Reading Greek and Roman New Comedy through Oscar Wilde's society plays Public Deposited

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Last Modified
  • March 20, 2019
Creator
  • Witzke, Serena Suzette
    • Affiliation: College of Arts and Sciences, Department of Classics
Abstract
  • This dissertation provides the first extended analysis of the influence of Greek and Roman New Comedy on Oscar Wilde's Society Plays and of the ways in which Wilde adapted the ancient plays he studied in school. Equally, I argue that reading Wilde's Society Plays can offer new ways of appreciating themes and conflicts in the ancient material. Wilde--ultimately interested in the individual and his place in society--uses New Comedy to explore the ways in which the individual can develop while mired in the hypocrisies of those around him. Conventional morality often comes under fire, as Wilde demonstrates the lip service paid to traditional morality. Wilde also interrogates the ancient New Comedies he adapted: these plays were considered not only funny, but mimetic in their day, with valuable messages. Wilde identifies what is amusing in them, but also sees what is serious or thought-provoking--elements that must have been obvious to ancient viewers, but went underappreciated in Wilde's time, and indeed our own. Wilde questions the value systems in place and draws attention to the psychology underpinning these plays by restaging them in his time. Chapter 1 outlines Wilde's classical education and his departure from the values of his tutors, who disparaged New Comedy. Chapter 2 explores the sexual double standard of both antiquity and Victorian England, through philandering husbands and seduced/raped wives in New Comedy and Wilde. Chapter 3 analyzes the successful recognition plots of Menander and Plautus alongside The Importance of Being Earnest. Chapter 4 investigates the superficiality of that recognition plot as it is deconstructed in Terence as well as in Lady Windermere's Fan and A Woman of No Importance--the failure of the recognition plot to reintegrate the broken family is symptomatic of deeper societal flaws. Chapter 5 reads Plautus' clever slave plays against An Ideal Husband and suggests that servi callidi and dandies have similar functions as provocateurs, that their roles are more integral to the plays than generally credited: servi callidi are necessary both for the resolution of plot and as agents of comeuppance, while dandies both facilitate character development and resolve plot.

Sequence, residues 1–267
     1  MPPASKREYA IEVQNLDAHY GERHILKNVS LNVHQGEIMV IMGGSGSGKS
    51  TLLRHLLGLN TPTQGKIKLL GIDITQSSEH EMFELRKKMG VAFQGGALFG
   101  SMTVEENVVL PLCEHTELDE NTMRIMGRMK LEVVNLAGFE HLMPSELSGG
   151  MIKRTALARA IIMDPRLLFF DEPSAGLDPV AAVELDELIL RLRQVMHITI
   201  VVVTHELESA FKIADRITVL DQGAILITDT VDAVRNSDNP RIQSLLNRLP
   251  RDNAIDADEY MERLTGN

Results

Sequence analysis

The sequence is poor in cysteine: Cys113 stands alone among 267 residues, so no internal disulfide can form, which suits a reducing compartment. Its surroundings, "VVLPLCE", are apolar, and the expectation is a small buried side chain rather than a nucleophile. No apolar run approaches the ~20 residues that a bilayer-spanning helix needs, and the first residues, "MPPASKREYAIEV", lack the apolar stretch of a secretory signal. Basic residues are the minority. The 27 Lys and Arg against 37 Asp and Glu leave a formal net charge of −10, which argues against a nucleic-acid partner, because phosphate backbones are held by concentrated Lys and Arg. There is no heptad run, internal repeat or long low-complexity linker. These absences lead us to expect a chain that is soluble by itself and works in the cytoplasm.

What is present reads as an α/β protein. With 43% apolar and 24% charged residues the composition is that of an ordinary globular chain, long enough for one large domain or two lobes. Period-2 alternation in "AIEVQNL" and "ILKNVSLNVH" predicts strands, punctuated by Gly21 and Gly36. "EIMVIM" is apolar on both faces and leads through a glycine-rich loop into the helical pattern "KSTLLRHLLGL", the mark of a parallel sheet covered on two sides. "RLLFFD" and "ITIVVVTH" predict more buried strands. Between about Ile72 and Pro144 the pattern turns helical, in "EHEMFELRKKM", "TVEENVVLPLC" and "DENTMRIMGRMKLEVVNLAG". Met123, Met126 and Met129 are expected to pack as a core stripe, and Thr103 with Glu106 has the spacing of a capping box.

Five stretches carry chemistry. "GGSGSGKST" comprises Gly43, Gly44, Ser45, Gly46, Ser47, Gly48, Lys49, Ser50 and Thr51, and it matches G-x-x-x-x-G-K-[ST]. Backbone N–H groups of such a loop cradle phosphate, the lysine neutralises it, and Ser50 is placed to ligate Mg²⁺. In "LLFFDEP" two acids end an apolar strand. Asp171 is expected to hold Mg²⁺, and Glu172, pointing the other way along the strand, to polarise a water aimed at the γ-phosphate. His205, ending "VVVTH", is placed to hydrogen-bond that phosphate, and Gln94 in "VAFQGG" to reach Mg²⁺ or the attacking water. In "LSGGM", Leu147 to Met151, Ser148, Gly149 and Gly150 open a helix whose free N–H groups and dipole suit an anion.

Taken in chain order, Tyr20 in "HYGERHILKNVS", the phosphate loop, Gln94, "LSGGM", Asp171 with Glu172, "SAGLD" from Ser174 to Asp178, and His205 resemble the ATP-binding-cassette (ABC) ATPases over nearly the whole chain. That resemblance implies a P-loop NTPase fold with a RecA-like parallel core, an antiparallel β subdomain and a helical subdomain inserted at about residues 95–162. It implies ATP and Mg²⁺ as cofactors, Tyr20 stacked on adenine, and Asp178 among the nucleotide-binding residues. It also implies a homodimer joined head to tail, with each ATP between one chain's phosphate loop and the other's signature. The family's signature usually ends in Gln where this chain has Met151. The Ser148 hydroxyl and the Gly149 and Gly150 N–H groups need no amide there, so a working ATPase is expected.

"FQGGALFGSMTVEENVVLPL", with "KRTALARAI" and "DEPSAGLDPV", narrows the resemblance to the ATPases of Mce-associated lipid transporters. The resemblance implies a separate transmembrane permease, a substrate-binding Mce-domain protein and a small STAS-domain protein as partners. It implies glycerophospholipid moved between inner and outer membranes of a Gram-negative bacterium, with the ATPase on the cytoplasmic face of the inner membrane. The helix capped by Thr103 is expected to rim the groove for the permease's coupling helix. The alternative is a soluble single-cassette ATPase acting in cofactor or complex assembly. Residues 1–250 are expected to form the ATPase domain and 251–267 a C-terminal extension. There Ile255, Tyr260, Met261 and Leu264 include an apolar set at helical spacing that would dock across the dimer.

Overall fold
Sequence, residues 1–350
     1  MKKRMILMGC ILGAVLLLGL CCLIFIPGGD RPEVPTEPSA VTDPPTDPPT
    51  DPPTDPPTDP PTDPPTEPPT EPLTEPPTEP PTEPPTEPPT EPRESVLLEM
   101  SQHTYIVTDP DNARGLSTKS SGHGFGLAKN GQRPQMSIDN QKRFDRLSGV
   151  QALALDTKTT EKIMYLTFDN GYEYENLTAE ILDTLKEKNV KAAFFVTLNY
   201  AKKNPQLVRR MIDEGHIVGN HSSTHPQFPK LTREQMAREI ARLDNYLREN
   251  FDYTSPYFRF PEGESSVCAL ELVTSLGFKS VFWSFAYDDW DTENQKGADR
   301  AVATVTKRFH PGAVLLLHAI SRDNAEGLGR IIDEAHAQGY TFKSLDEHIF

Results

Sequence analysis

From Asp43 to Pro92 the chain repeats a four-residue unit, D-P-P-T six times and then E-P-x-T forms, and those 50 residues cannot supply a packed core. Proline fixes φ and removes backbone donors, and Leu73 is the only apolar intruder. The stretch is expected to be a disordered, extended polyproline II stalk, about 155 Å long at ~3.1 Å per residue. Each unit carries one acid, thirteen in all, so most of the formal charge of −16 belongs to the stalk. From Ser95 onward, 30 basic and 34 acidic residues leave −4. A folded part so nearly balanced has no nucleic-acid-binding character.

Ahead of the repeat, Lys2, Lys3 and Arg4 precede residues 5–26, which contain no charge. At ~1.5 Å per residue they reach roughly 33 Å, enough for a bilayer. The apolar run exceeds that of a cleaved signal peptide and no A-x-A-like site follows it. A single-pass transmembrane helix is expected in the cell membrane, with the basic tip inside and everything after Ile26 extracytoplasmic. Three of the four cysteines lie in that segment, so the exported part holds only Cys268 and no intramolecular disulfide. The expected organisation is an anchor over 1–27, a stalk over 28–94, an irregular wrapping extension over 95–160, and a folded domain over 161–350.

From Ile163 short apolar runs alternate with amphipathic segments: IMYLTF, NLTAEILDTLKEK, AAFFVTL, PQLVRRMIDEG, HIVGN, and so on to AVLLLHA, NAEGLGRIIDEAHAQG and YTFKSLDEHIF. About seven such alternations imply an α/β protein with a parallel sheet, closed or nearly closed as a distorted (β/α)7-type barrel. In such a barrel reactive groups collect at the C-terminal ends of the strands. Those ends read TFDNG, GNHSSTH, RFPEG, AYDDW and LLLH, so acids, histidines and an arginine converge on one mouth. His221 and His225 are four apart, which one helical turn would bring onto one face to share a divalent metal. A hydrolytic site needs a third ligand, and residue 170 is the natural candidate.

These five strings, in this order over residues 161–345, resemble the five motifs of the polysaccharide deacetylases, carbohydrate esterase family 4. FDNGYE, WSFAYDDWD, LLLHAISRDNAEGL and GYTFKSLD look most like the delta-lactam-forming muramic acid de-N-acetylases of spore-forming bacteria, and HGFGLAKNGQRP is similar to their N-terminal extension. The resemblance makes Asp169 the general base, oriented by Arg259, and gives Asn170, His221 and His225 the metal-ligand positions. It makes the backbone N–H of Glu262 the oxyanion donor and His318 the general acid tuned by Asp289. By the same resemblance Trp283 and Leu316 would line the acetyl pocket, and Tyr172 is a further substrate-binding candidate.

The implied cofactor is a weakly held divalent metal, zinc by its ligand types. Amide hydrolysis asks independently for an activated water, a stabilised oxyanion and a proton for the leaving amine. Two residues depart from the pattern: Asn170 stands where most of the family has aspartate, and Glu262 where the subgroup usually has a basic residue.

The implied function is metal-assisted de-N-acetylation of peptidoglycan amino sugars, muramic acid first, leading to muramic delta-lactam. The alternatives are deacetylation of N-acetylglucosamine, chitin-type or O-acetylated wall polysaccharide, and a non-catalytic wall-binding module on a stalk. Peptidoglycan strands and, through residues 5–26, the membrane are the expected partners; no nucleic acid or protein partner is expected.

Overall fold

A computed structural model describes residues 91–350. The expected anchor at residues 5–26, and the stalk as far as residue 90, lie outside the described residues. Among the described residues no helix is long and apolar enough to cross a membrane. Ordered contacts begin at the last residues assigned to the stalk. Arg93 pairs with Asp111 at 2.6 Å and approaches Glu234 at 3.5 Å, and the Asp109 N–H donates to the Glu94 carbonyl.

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  • In Copyright
Advisor
  • James, Sharon
Degree
  • Doctor of Philosophy
Graduation year
  • 2014
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